Creating your own data visualisations

At the NCVO Annual Conference on Monday I went to the workshop on visualising data. Now, I love data and I love visualisations so I was pretty much like a pig in the stinky stuff. The workshop was run by Ed and Matt from Reason Digital.

Visualisations are essentially a way to show (often complex) information using graphics.

Whether you have to write reports full of facts and figures or you need to demonstrate the impact of your work to the public then creating a graphical representation of the information might be an effective way of doing it.

I have to say that I don’t agree with visualisations for visualisation’s sake. You as an organisation need to have something to say that you think will be more effective using graphics.

In general there are two types of data visulations. Firstly ones that illustrate a number of different variables in a way that makes complex data easier to understand at a glance. One example of this is the Minard visualisation of Napoleon’s march into Moscow. This visualisation incorporates information about time, distance, soldier numbers and temperature.

Losses of the French Army in the Russian Campaign 1812-1813

The second type are visualisations that use graphics to illustrate a figure, such as on this poster about Mashable users:

Mashable vs Hashable

In the workshop it was also suggested that an infographic (such as the first example) is telling a specific story and leading you to a conclusion. A data visualisation (the second example) puts the facts in front of you and leaves you to make up your own mind.

People enjoy debating these two types and the terms that are used to describe them, you can read more about it in the article “Infoposters are not Infographics: A comparison”.

Whichever type you end up creating there are 12 steps that Reason Digital think you need to work through. Even if you plan to work with a company, volunteer or staff member to create your visualisation then these steps will help to define exactly what it is you want to achieve.

  1. Have a point and a purpose – What’s the issue you want to get across? What’s the question you’re asking?
  2. Make it relevant and interesting to a large the right audience – This might involve stepping away from what you as an organisation are doing and looking more at the issue or cause in general terms.
  3. Decide if you’re making an infographic (with narrative and pointing to a conclusion) or a data visualisation (something you can explore and people can make their own minds up).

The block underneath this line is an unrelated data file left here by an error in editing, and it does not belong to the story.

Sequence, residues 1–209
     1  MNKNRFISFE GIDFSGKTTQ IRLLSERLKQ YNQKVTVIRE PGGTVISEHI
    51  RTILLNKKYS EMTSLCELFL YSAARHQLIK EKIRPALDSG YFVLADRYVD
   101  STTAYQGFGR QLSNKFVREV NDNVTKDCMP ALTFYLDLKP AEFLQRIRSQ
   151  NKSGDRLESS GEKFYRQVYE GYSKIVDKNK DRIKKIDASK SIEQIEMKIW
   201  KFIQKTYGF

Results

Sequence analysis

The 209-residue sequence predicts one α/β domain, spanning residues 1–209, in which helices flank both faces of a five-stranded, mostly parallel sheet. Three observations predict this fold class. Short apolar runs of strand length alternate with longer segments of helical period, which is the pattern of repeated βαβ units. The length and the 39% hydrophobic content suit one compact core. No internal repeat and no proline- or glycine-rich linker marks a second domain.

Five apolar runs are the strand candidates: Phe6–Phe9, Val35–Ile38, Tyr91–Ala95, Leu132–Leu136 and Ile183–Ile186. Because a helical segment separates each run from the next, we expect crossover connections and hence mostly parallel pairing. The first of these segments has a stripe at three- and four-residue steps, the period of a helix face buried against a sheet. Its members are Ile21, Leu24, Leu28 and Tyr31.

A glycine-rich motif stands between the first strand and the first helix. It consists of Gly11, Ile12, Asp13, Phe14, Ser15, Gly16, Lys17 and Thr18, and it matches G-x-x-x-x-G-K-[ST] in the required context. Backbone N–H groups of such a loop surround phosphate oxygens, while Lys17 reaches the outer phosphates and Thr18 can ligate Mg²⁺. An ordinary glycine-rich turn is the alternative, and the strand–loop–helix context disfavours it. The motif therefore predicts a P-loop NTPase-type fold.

4. Deconstruct your point into a series of facts or statements that you can back up with data.
  5. Gather data and statistics: You might have the data you need within your organisation but you can also get supporting data from the ONS site, NHS data store, data.gov.uk, What do they know?, COINS, Guardian data blog and local council websites. [ETA - Once you've gathered your data then make sure you reference it in your visualisation. It will give more credibility to what you're saying.]
  6. Choose and order your facts. This stage needs a certain level of statistical literacy to be able to interprate data and the inconsistencies it can throw up.
  7. Work your data into a narrative. Make sure the story you’re telling comes out in your visualisation. The key to a great visualisation is in finding the story.
  8. Edit, refine and make it flow.
  9. Apply visual methods: This could be maps, scale, timeline, bar charts, icons, pictures of objects, word cloud or illustrations.
  10. Apply an interesting visual style.
  11. Choose the right medium: What will work best for your audience? Static image? Interactive graphic?
  12. Jump start the sharing process: Make sure it’s easy to share by putting it on YouTube, Flickr, Pinterest, visual.ly etc.

Some of the tools we looked at for creating visualisations included Google fusion tables, Google refine, Gapminder and visual.ly.

There are of course barriers to creating visualisations:

  • Having the right data – Once an organisation has decided on the story it wants to tell the next step is finding the right data. Even if you don’t have it straight away, once you’ve identified what it is you can build in mechanisms for collecting it in the future.
  • Knowing how to interpret data – As I mentioned above, you need a certain level of statistical literacy to make accurate visualisations. This kind of skill could come from a staff member or volunteer.
  • Confusing personal data with that needed to create visualisations – There is a difference between using personal information (such as religious beliefs, income, sexual orientation etc. about specific people) and generic figures about how many of instances there are of things or events. The latter is what you need to be able to create a visualisation, how many service users are male, how many service users also access other services etc.